Gastroclub at The Mark Addy

23 Jun

Gastroclub has given me a lot to be thankful for. My first foray into feasting on vermin for one; the squirrel served in a fetching filo pastry case on that first legendary night at The Mark Addy was a surprise success. An unexpectedly crunchy plate of jelly fish and a gnarly dish of fried chicken feet on our second outing at Sweet Mandarin, not so much.

Sure, there have been some non-starters along the way. A puddle of panna cotta at The Market Street Restaurant was quite the damp squib, and a zealously pan-fried piece of liver when The French was rocking its old livery was NOT the thing, but regardless of imagination or execution, the very least that can be said about Gastroclub is that it’s always an adventure (and fine office conversation fodder the following day).

The utmost compliment I can pay to Gastroclub, is that it has brought me together with the finest group of food lovers Manchester has to offer. Almost three years and many a digestive impasse later, I rocked up to my favourite rough-around-the-edges establishment down by the Irwell alone, happily able to name check at least half the room and call a good few of them friends.

It’s helped that these people pop up at every food and drink event the city has to offer, a good portion of which have appeared since Gastroclub brought the supper club experience home to Manchester. Kerstin Roger’s London Underground Restaurant was only just starting to make waves, and other than Monica Sawhney’s (still going strong) Spice Club, our fair city had little to offer in terms of new and unique gastronomic experiences.

Now knee deep in creative chow, Manchester is ruined for events that feed both belly and brain. From the carnivorous educational feast that is Meat Club Manchester to the grass roots, worldwide inspired street food offering that is Guerrilla Eats, it’s becoming as easy to roll out of the city as it is to roll in. Yet, despite being spoilt for choice, Gastroclub’s short break from the food scene had little impact on its popularity if the welcome back hubbub on Twitter is anything to go by.

Robert Owen Brown addresses the room

Robert Owen Brown addresses the room

Gluttons for food and punishment all, the only predictable part of the evening was the wash of familiar faces found around the packed out restaurant tables, back at The Mark Addy where it all began, kicking off with Robert Owen Brown’s rousing speech on the gustatory joys ahead of us, and a round of applause for the club’s brainchild, Katie Brunt, out of sheer gratitude for bringing back Manchester’s most loyally attended food gathering.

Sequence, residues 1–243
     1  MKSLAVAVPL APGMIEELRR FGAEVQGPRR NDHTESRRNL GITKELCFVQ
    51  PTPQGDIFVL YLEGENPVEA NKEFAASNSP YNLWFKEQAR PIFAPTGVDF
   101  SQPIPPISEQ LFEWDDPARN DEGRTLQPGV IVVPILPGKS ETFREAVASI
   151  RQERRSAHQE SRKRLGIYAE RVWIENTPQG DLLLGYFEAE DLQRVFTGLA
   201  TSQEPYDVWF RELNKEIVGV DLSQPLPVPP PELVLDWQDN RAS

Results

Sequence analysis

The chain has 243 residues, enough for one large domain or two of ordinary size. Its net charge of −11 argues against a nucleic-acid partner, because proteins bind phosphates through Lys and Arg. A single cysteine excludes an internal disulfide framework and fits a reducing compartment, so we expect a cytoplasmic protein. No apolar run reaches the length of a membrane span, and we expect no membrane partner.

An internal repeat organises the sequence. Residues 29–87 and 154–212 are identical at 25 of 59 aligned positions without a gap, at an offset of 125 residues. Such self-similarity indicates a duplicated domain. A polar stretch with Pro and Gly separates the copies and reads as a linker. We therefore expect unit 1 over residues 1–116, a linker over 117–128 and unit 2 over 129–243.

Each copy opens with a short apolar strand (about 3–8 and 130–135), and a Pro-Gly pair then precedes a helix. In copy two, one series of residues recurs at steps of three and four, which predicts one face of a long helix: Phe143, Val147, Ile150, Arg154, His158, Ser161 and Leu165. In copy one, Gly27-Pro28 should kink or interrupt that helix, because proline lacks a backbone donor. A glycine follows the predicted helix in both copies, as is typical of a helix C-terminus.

Hollandaise Glazed Truffle Pheasant Egg

Hollandaise Glazed Truffle Pheasant Egg

The hollandaise glazed and truffled pheasants eggs were a mini mouth orgasm – delicate, powerfully earthy and easily snarfed, as was the pastry-encased shank of sea robin (read gurnard – big flapping fins apparently) on an unctuous and meaty chorizo and heritage tomato sauce. Moreish and richly flavoured, again, it all too quickly disappeared.

Sea Robin and Chorizo

Sea Robin and Chorizo

Wild Salmon Carpaccio

Wild Salmon Carpaccio

The fragrant, vibrantly hued slicks of wild salmon, elegantly dressed in a splash of lemon oil and smattering of chive kicked the evening off beautifully, but the four (controversially baby only) beast roast of goat kid, piglet, rose veal and salt marsh lamb halted proceedings considerably, requiring too long a wait on account of the (restaurant admitted) underestimated cooking time.

Four Baby Beast Roast

Four Baby Beast Roast

Hard to tell between the various cuts, and served to the table on platters alongside crisp, mustard dressed salads and simply presented root veg, the scrabble to get a decent cut was often uncomfortable, though delicious and filling nonetheless. The onset of the meat sweats was also a bit of a downer, having me bow out after two shamefully sparse dishes, but thankfully recovered in time for dessert.

Childhood Desserts

Childhood Desserts

A smorgasbord of childhood memories and northern favourites to boot, the Vimto jelly was a great success, as was the delectable cream soda mousse. Never a fan of a coke float, this sad looking shot glass went to waste, but seeing Dr Pepper put to good use in a cheesecake, complete with ginger biscuit base and popping candy covering, naturally, I laid it to waste. Small bites, strong memories and great fun. All in all a pretty successful dinner, and a stonking return for Gastroclub.

Advertisements

Leave a Reply

Fill in your details below or click an icon to log in:

WordPress.com Logo

You are commenting using your WordPress.com account. Log Out / Change )

Twitter picture

You are commenting using your Twitter account. Log Out / Change )

Facebook photo

You are commenting using your Facebook account. Log Out / Change )

Google+ photo

You are commenting using your Google+ account. Log Out / Change )

Connecting to %s

%d bloggers like this: